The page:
In particular, she said, "The cost to us."
Spivey, president of the Azalea Chapter of the American Gold Star Mothers, said the Lost Heroes Art Quilt symbolizes the fallen military men and women who have made contributions to their nation's cause in the Iraq and Afghanistan campaigns.
Those include Michael K. Spivey, her son.
"He was a soldier every year for Halloween," she said on Saturday afternoon inside the Airborne & Special Operations Museum. "That's all he ever wanted to be."
Michael K. Spivey, a 20-year-old Army specialist, was among 15 soldiers and three civilian contractors who died April 6, 2005, in a helicopter crash near Ghazni in Afghanistan.
His mother fears that those who lost their lives after the Sept. 11, 2001, terrorist attacks will be forgotten. For her, the long black quilt stitches together the reality of ultimate courage and dedication to country.
The Gold Star Mothers form a sorority no woman would ever want to join. The only qualification for membership: losing a child in military service.
"It's just very important that we don't forget," Spivey said. "Seems to me, people forget so easily. It puts a face on it."
The Lost Heroes Art Quilt is scheduled to hang inside the museum lobby through Saturday. It will then be taken to the Capitol building in Raleigh where it will be placed on exhibit.
On Saturday, members of the Rolling Thunder Chapter One N.C. motorcycle club escorted a couple of Gold Star Mothers up Interstate 95 as they brought the quilt to Fayetteville from Columbia, S.C.
At 2:45 p.m., a procession of 18 motorcycles and two vehicles completed the trip, cruising around the circle in front of the Airborne and Special Operations Museum. Club members unloaded the 15-foot-long quilt and its display in separate boxes, and toted them inside before setting it all up.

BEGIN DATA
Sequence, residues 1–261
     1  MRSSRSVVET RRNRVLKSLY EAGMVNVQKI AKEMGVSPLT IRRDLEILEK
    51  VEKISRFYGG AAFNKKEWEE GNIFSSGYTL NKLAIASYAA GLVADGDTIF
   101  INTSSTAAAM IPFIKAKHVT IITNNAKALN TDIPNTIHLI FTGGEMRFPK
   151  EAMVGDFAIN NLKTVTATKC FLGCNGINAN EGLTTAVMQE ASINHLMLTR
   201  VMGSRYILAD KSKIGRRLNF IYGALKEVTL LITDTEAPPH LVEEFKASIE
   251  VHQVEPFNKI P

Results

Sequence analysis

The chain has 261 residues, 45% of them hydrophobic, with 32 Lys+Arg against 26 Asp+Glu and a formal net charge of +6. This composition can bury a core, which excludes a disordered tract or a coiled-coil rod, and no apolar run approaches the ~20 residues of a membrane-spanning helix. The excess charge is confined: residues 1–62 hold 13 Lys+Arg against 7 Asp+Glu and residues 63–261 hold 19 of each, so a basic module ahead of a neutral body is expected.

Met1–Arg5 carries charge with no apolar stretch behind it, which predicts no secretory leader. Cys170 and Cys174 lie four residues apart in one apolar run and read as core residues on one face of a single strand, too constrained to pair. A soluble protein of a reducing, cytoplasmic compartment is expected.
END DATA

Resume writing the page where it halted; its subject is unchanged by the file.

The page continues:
Then, 30 or so from the entourage mostly stood and admired it.
"It stands for not only these people," said 63-year-old Fred Chrisman, as he peered at the faces on the material, "but people we know - in Vietnam, like in my case. They didn't have the opportunity to have a full life. They made the ultimate sacrifice."
"Beautiful quilt," one woman blurted out once it was unveiled. "A lot of work in that. Absolutely beautiful."
The work of artist Julie Feingold, the quilt features a slain soldier from all 50 states. They are represented by their childhood photographs.
"It's about everybody," said Lorie Southerland, who lives in Sanford. "That's what the quilt is about - it's just representing everybody."
A Gold Star Mother herself, she lost her son, Michael Rodriguez, at 20. he and eight other soldiers were killed when two trucks exploded on April 23, 2007, in an outpost in As Sadah, Iraq.
Jim Hollister serves as Rolling Thunder's 50-year-old chairman of the board. Even though some might regard them as a wild-looking bunch in their black leather biker gear, don't call them a motorcycle group to his face. Hollister is quick to point out that Rolling Thunder is a POW/MIA awareness group.
Most are veterans.
They share a close relationship with the Gold Star Mothers.
So, when the mothers asked the bikers from the local chapter to lead them here with the quilt, these old vets kick-started their chrome and leather rides with a swagger of patriotic pride.
"This is to honor all the service members since 9/11 who give their lives in war - (Operations) Iraqi Freedom and Enduring Freedom," Hollister said. "It's important that people know that and come see it."
Hours for the Airborne & Special Operations Museum are 10 a.m. to 5 p.m. Tuesday through Saturday and noon to 5 p.m. Sunday.